Ketevan Sikharulidze # 12
Deities Reincarnated in Evil Spirits in the Caucasian Mythology
Keywords: Folklore; Mythology; Caucasian; Demonology; Goddess; Ritual; Fertility; Abundance; Trial; Housewife.
In the Caucasian mythology (as well as in notions of other peoples) demonic creatures are found who are heterogeneous and differ from each other by the quality of evil too. The main content of demonic creatures (imps, watchers…) unambiguously personifies evil and tries to harm people. They live in the “outer” world (dense forests, ravines and other inaccessible places), where they wait for a lonely traveler and try to seize him. Sometimes a man manages to capture an evil soul by cutting off his nails or hair and takes him home as a servant. As a rule, an evil soul manages to return his property and takes revenge on his capturer.
Among demonic characters we can emphasize those who are not clearly marked as being evil souls and thus do not completely correspond to this category. These are female creatures who are also settled in the “outer” world but at the same time try to penetrate the “inner” space of people. For this purpose they have a love affair with men and thus come closer to a mortal world. The fact that a man is married does not hinder them. On the contrary, observation on materials has shown that more often they select married men and this seems to bear some meaning. These women are of extraordinary beauty, with a shining body and wonderful long hair. By these and other qualities they resemble Dali who also was in a love affair with a hunter.
A vast material is found on this topic in the Caucasian folklore the main structure of the plot is common for all cases.
According to Georgian folktales a Forest Queen meets a man in the forest and demands love from him. Refusal will destroy the man so he bargains with her by using his fingers without uttering a word (because if he does, he will go mad) and reduces the period of time to be spent with her to one year (Georgian folklore 1991: 352). Often during this love confinement he is prohibited to have an affair with other women even with his official wife. It is noteworthy that the Forest Queen does not meet her lover in the forest but goes to his village and the place of their meeting is a cattle-shed or a barn. Both places, as symbols of fertility, were the most respectable for the peasant. These were the first places to what the head of family was congratulating New Year. If the lovers peacefully part after the agreed date the Queen rewards the man and his family with good and abundance.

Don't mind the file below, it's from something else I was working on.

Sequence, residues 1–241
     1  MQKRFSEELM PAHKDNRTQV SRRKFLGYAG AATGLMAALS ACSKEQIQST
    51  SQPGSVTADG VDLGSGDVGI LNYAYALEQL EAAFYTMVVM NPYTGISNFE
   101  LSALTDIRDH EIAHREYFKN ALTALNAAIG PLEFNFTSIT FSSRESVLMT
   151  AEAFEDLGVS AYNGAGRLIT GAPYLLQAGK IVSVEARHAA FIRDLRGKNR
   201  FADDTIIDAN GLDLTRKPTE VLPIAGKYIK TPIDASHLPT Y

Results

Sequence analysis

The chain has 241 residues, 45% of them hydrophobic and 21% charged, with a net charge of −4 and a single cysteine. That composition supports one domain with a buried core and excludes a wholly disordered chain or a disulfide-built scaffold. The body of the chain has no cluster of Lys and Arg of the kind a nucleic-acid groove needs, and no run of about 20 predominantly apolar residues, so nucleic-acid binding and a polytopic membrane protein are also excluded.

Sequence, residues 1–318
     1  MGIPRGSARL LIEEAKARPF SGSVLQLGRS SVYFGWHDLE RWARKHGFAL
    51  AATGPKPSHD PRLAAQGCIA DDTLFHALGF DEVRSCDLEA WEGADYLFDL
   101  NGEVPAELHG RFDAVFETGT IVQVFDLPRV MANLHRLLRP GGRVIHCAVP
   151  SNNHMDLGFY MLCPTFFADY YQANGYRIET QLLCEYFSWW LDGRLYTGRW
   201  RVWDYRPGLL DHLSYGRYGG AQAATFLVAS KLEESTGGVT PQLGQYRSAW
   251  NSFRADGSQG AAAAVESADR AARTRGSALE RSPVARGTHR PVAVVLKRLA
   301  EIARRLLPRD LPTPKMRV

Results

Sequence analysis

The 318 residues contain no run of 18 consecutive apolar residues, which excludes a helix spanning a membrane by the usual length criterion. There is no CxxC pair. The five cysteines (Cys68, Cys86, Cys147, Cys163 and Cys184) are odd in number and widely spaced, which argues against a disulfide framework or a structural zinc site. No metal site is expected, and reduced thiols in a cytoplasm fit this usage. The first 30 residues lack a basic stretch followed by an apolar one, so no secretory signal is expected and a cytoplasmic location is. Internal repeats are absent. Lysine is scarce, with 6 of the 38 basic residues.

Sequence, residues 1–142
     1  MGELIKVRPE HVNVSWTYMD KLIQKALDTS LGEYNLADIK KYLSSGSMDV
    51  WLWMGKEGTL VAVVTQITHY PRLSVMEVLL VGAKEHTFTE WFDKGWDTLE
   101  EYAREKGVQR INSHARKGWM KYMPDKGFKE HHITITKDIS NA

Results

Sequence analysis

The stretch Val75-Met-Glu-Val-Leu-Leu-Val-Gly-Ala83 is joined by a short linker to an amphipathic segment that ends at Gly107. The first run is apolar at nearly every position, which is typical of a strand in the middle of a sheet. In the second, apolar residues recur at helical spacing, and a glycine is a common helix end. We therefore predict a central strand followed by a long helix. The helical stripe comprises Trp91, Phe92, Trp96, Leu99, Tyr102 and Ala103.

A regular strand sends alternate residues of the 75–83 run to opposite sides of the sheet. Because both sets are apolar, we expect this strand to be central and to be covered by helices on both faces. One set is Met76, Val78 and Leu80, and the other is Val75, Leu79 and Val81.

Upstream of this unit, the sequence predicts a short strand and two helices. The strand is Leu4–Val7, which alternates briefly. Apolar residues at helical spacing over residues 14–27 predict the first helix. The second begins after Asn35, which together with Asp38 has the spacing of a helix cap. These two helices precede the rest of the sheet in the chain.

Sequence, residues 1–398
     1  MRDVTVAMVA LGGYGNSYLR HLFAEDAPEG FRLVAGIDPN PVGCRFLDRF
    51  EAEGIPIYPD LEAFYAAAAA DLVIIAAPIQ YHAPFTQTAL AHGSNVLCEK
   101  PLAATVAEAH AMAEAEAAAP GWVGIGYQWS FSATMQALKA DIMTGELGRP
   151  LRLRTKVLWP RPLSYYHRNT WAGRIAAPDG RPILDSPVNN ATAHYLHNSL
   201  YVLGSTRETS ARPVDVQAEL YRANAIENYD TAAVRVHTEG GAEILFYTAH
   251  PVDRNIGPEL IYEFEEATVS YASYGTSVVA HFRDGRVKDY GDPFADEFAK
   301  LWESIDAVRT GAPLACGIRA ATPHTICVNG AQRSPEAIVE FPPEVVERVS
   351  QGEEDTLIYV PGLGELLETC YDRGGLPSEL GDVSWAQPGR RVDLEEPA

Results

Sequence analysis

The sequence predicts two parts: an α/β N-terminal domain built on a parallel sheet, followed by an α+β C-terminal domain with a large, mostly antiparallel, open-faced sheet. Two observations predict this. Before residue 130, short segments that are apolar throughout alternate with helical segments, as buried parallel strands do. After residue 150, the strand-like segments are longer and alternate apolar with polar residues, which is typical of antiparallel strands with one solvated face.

This is not only the Forest Queen’s gift. The characteristic sign of personages of this type is extraordinary fertility and abundance. Those who enter a family voluntarily, perform household duties willingly (unlike evil creatures with cut off nails seized by force). They make the household chores quickly and with quality which can not be achieved by a mere mortal. It can be said that they repay to the wife for taking her husband away. At the same time they reveal their supernatural essence by such an action.
Among these images a character of Khevsurian legends – Samdzimari (Condolence) should be mentioned. She is mentioned as the sister of Kakhmat Giorgi and is also asked for something. Samdzimari is fond of dressing in a dandyish manner and wear ornamentation among which beads are most important (According to some scientists, her name is derived from the name of this item – “mdzivi” (beads) – “Samdzivari”). She appears to men as an earthly woman and brings luck to everybody with whom she has close relationship. She fills a family with abundance because one touch of Samdzimari multiplies products (Ochiauri 1954: 455).
A personage of Tushetian folklore – Tebzhorika is characterized by the sign of abundance. She is inclined for men and enters into a love affair with them. Everything made by her is of high quality and she brings abundance to a family. Tebzhorika is able to transform foam taken out of water into butter.
The Lakis residing in Dagestan have a legend about so-called demonic characters. One of them is called Mantuli and the other – Sukhalukhu. They are dressed in ragged clothes and wear glass beads made of low quality material. In fact these beads are very valuable but they appear such to people. Both of them voluntarily go to a family and bring wealth there. Both Mantuli and Sukhalukhu make household chores with an astonishing quickness and abundance (Mythology… 1984: 111). Love affairs of women with the man of the family are not mentioned in Lakian legends but this detail will be easily restored considering the analogies.
According to Kumikhian legend, a wood-goblin woman Albasli became close to a hunter Baday. They used to meet each other in the man’s house. Baday became rich and built a huge house for himself. But this fact did not make his young wife happy. She could not understand who did her work at home instead of her. Then she saw it was Albasli with wonderful hair.
The affair of these women with men may have either happy or tragic end. This often depends on shrewdness of the housewife or more exactly, the result will be dependent upon whether the housewife is familiarized with traditions and customs of this community. If a woman knows how to act, then her husband’s lover will leave good and abundance to this family. The main condition is to keep the secret (as in case of Dali and the hunter) and the housewife is responsible for keeping the secret. Nobody must know about the love affair except the family members. Otherwise the situation will be doomed to a pitiable result.